ACTIVE NIGHT AHEAD: As expected, most of Alabama is enjoying a spring-like day today with temperatures in the 70s; a few spots in West Alabama are flirting with 80 degrees. The exception is the northeast corner of the state, where a wedge of cooler air still in place. A cold front will slice into the state tonight, and the risk of severe storms has increased based on the latest model data. SPC has introduced a “slight risk” (level 2/5) for areas north of a line from Northport to Warrior to Guntersville, and a “marginal risk” (level 1/5) extends as far south as Jackson, Fort Deposit, and Opelika.
A few storms tonight across the northern 2/3 of Alabama could produce hail and strong winds; an isolated tornado or two is possible as well. The main window for severe storms is from 7:00 this evening until 2:00 a.m. Tuesday. Be sure you can hear severe weather warnings if they are needed tonight.
TOMORROW/WEDNESDAY: The front will stall out tomorrow close to a line from Grove Hill to Montgomery to Lafayette; rain is still possible tomorrow south of the front. The northern half of the state will be mostly dry… a few peeks of sun are possible with temperatures rising to near 70 degrees by afternoon. Then, a wave forms on the stalled front, and rain is likely statewide tomorrow night into Wednesday. Additional rain amounts of 1/2 to 1 inch are likely… severe storms are not expected.
Temperatures could very well fall during the day Wednesday over North Alabama, and some snow is possible over parts of Tennessee in the colder air there.
THURSDAY/FRIDAY: Thursday will be mostly sunny but much colder with a high between 48 and 52. We drop well down into the 20s early Friday morning with a clear sky and light wind… then the sky will remain sunny during the day Friday with a high in the mid 50s.
THE ALABAMA WEEKEND: Saturday looks dry with a partly sunny sky; the high will be close to 60. Then, the next weather system will bring rain into the state Saturday night into Sunday… for now it looks like the main window for rain comes from about midnight Saturday night until 12:00 noon Sunday. Sunday’s high will be in the mid to upper 50s.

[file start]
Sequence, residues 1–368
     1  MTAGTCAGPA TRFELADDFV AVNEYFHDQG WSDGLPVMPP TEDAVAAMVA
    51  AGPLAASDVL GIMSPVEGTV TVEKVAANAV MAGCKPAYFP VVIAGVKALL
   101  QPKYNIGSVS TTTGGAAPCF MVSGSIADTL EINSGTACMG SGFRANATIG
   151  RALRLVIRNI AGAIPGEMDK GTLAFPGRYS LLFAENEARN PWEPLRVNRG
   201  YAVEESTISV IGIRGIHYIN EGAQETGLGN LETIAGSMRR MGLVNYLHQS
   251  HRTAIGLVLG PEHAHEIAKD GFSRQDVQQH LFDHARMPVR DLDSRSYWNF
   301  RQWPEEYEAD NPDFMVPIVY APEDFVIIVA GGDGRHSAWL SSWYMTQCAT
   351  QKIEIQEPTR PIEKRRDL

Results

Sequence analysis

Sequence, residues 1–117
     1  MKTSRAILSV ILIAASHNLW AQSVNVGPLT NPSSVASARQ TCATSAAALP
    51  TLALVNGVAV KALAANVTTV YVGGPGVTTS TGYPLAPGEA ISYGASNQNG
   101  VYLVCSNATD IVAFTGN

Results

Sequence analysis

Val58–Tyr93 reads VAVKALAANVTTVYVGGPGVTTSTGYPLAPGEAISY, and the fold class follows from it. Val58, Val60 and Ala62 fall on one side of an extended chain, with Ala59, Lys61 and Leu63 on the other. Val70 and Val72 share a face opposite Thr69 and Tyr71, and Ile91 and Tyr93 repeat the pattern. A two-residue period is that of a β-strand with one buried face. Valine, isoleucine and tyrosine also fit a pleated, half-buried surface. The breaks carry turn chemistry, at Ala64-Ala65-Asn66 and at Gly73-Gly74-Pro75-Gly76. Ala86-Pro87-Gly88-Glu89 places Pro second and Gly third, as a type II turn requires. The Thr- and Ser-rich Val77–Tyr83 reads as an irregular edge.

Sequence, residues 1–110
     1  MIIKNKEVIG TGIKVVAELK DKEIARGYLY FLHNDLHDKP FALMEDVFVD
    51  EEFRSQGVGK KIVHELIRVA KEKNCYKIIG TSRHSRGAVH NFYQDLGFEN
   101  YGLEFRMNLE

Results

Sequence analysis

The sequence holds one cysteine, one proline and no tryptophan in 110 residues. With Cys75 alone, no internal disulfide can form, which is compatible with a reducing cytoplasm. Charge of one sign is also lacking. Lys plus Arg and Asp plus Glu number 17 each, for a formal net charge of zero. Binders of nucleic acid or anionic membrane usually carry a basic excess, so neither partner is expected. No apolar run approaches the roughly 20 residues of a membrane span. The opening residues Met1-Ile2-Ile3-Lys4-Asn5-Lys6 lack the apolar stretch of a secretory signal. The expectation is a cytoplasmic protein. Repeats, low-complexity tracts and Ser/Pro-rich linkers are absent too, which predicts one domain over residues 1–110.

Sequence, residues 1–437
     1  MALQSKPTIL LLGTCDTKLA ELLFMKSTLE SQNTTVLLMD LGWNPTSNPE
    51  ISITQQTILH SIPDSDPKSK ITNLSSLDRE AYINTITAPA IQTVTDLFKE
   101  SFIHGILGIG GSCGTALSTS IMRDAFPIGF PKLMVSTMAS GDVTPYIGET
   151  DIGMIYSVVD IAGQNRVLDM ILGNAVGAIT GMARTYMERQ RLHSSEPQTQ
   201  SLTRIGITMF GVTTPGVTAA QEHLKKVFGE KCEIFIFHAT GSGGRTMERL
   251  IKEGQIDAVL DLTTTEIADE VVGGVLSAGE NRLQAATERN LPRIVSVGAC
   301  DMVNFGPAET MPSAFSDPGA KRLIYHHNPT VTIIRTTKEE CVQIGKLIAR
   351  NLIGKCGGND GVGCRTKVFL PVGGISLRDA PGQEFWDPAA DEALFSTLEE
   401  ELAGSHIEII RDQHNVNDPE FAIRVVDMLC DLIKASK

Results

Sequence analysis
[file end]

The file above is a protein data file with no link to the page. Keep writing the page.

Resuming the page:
NEXT WEEK: The weather looks dry with seasonal temperatures for the first half of the week (highs in the 50s, lows in the 30s)… but rain returns later in the week Thursday night or Friday. See the Weather Xtreme video for maps, graphics, and more details.
ON THIS DATE IN 1940: On the morning of January 25, 1940, the headlines on the Birmingham Age-Herald screamed that more cold was in store for the state. And it had already been very cold. Since an arctic cold wave invaded the state on the night of the 18th, overnight lows had been in the teens or single digits every morning except for the morning of the 23rd when the low was 24F. The average temperature of 21.3 for the seven day period ending January 25, 1940 still stands as the ninth coldest seven day period in Birmingham history.
The 1940 cold wave still holds most of the cold wave records in Magic City history, including seven of the ten coldest seven day periods, the three coldest ten day periods as well as seven of the top ten coldest ten day periods and the top nine coldest fourteen day periods as well.
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